Going back to my 'America is a Christian nataion' comment. Following your logic, I should adhere to the whims of the majority, because there are more of them.

    Of course, you realize the futility of this logic.

    i.e. If there are 2 of 'x' and that is more than 1 of 'y', we should all be 'x'.

    But this country protects the minority as well.

    Example: Mormons!

    A majority in Utah, not America.

    Not upset. Just different view.

    Good day.

  • CougarBlue Heber City, UT
    April 14, 2011 2:26 p.m.

    Dear Vanka. When you point your finger at other people you must understand there are 3 pointing back at you. It takes two to socialize. It cannot be done alone. I find it amazing that you live in Provo and continue to live there, when you have such a low esteem of "everyone" around you.

    Chachi, it would be nice if others did the same thing. Find out what we believe and who we are. Too much name calling without finding out the real facts. Others claim we do not believe in Jesus Christ is hilarious. They have made a statement without checking their facts.

  • Gentile brookings, SD
    April 14, 2011 3:05 p.m.

    I have always found Mormons to be like Baptists, and vice-versa. So much in common; perhaps that is why they fight. I don't know.

  • bigv56 Cottonwood, CA
    April 14, 2011 4:14 p.m.

    who cares? we don't need their opinion to validate our beliefs. I hope they had a favorable view , but it doesn't affect me in any way.

  • Mormoncowboy Provo, Ut
    April 14, 2011 5:08 p.m.

    "When you point your finger at other people you must understand there are 3 pointing back at you."

    Well, if that isn't a rebuttall - nothing is!

    "Others claim we do not believe in Jesus Christ is hilarious. They have made a statement without checking their facts."

    Or you issued a knee-jerk response before checking yours. The claim that Mormons "don't believe in Christ" is an outgrowth of the fundamental distinction between the God-head, and the Holy Trinity. Understanding this distinction, both parties would be better to rephrase the argument to say "Mormons and traditional Christians have distinctly different beliefs as to the nature and identity of Christ. Both groups share a general concensus on the historical assertions on Christs ministry, as reported in the New Testament - But they differ on the interpretations of his alleged identity as a distinct personage from God the Father".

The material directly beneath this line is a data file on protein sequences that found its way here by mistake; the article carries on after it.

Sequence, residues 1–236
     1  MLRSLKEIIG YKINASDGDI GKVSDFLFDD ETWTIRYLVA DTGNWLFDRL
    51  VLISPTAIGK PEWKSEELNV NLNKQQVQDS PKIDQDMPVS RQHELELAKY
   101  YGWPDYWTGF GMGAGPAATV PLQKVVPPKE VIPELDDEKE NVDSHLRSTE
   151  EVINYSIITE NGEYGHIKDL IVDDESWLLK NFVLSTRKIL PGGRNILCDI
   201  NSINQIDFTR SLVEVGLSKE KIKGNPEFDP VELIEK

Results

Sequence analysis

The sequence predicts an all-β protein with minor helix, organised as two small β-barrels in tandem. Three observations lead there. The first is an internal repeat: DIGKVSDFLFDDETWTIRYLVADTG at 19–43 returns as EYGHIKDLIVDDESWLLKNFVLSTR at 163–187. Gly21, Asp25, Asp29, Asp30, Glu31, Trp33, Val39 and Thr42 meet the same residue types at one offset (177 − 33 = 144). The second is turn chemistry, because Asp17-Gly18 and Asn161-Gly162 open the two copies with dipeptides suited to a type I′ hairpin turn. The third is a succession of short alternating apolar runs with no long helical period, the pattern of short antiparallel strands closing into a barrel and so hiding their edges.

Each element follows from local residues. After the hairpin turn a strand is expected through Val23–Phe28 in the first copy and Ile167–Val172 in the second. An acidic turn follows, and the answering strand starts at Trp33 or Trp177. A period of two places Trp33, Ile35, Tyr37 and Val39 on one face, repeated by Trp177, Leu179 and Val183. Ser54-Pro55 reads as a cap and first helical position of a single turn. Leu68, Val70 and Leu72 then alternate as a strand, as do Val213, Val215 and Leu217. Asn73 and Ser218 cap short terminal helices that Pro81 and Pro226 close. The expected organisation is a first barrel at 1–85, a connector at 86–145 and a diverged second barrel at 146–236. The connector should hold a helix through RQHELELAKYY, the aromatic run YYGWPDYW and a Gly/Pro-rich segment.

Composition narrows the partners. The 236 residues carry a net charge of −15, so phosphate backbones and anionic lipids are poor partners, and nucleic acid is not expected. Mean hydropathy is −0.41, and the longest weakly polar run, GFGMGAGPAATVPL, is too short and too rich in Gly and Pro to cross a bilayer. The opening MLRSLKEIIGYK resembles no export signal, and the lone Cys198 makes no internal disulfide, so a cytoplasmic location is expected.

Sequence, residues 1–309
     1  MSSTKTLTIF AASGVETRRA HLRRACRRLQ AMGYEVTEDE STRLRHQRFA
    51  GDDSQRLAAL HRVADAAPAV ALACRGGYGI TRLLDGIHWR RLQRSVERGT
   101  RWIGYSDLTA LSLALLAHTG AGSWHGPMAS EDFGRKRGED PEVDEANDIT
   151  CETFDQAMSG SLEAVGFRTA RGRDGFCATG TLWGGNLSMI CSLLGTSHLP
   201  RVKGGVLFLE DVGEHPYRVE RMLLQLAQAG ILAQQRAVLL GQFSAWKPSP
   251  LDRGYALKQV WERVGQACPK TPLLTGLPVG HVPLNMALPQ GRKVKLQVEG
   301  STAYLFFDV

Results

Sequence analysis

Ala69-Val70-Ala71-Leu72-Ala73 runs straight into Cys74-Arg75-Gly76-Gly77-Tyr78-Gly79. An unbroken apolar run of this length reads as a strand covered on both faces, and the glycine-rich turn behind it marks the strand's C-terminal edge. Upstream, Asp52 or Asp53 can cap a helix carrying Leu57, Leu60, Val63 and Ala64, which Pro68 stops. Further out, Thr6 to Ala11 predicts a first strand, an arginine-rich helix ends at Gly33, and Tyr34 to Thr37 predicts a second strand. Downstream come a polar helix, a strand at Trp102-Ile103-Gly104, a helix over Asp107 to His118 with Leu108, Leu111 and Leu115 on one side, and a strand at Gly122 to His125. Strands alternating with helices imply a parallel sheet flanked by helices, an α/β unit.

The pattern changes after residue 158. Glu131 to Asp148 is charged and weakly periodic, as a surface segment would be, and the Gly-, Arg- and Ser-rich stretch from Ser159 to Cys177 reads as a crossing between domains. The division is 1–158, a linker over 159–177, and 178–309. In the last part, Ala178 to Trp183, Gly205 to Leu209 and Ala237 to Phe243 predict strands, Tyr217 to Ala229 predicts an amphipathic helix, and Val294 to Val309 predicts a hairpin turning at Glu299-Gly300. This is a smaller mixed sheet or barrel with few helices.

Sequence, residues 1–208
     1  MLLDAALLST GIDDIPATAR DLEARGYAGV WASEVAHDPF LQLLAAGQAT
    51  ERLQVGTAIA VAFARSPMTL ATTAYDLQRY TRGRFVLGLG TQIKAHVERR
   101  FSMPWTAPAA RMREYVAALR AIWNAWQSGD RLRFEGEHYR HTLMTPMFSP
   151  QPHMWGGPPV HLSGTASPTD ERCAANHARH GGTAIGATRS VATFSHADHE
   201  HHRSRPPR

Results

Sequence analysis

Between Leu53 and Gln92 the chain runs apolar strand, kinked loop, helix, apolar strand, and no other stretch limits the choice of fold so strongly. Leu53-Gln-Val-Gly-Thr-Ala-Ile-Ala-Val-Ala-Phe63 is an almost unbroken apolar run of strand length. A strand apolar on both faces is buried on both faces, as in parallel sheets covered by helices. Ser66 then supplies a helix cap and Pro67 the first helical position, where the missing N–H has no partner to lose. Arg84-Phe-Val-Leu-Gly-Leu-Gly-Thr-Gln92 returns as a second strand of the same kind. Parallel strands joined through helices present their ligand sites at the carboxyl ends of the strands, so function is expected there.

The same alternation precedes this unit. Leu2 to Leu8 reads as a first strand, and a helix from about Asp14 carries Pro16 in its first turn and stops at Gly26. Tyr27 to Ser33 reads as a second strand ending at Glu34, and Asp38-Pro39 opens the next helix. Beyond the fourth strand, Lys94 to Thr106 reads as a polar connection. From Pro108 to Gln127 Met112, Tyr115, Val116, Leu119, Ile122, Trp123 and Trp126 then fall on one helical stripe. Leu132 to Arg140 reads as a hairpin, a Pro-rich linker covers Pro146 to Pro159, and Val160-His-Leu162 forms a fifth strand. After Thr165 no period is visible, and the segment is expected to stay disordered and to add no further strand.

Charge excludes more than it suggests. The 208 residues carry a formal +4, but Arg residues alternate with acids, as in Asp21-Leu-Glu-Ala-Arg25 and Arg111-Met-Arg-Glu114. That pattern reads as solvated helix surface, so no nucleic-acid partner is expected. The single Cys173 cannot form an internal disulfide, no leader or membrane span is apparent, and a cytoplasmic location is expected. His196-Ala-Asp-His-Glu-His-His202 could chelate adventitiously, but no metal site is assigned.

• Hutterite American Fork, UT
    April 14, 2011 5:29 p.m.

    Mormons used to be pretty accepting, from my perspective, of being different and apart. Now they seem to navel gaze and fret every nuance of what others say. I figure it's because the rebranding of the church is designed to set it up as absolutely mainstream, because that's where the political power is.

  • LDSareChristians Anchorage, AK
    April 14, 2011 6:29 p.m.

    One of my favorite famous people quotes....

    Newsweek: Do you think a Mormon is a Christian?
    Jimmy Carter: Yes, I do. I have a cousin who is a Mormon and she married one of the Marriott family. I dont know anyone whos more devout in their faith than she and her family. I admire them very much.

  • KC Mormon Edgerton, KS
    April 14, 2011 6:29 p.m.

    Gentile | 3:05 p.m. April 14, 2011
    "I have always found Mormons to be like Baptists, and vice-versa. So much in common; perhaps that is why they fight."
    My Dad was raised Baptists I must say I agree with you. The two biggest differences between him and I were that he believed the Godhead was two distinct beings (Father and Son, Holly Ghost was Jesus as well) and that LDS were permitted to dance.

  • donn layton, Ut
    April 14, 2011 7:07 p.m.

    C.S. Lewis, The Book of Mormon was equal to other human work that relied on source text from the KJV.

    If Christianity was something we were making up, of course we would make it easier. But it is not. We cannot compete, in simplicity, with people who are inventing religions [JS]. How could we? We are dealing with fact. Of course anyone can be simple if he has no facts to bother about." The three personal God Mere Christianity by C.S. Lewis gives some other analogies of the Tri(3) Unity.

  • BobP Port Alice, B.C.
    April 14, 2011 7:33 p.m.

    Just a sidenote, when to Mormons settled Utah, the area was still part of Mexico. It changed a couple of years later.

  • Livingstone Orem, UT
    April 14, 2011 8:45 p.m.

    So many people here in Utah hate Mormons. I wish the church would do more reaching out and ecumenical work with the other faiths and non-faith oriented organizations. A lot of people see it as a big bully, and I hope things can change.

  • Uncle Charles Where freedom and liberty reign, utah
    April 14, 2011 9:02 p.m.

    Livingstone said, " I wish the church would do more reaching out and ecumenical work with the other faiths and non-faith oriented organizations"

    You need to get out the bubble that is Orem. The church does this all over the world all the time. It appears that you don't know about it.

    As for the rest, who cares what the knuckleheads like the LDS bashers on here say about the gospel or church.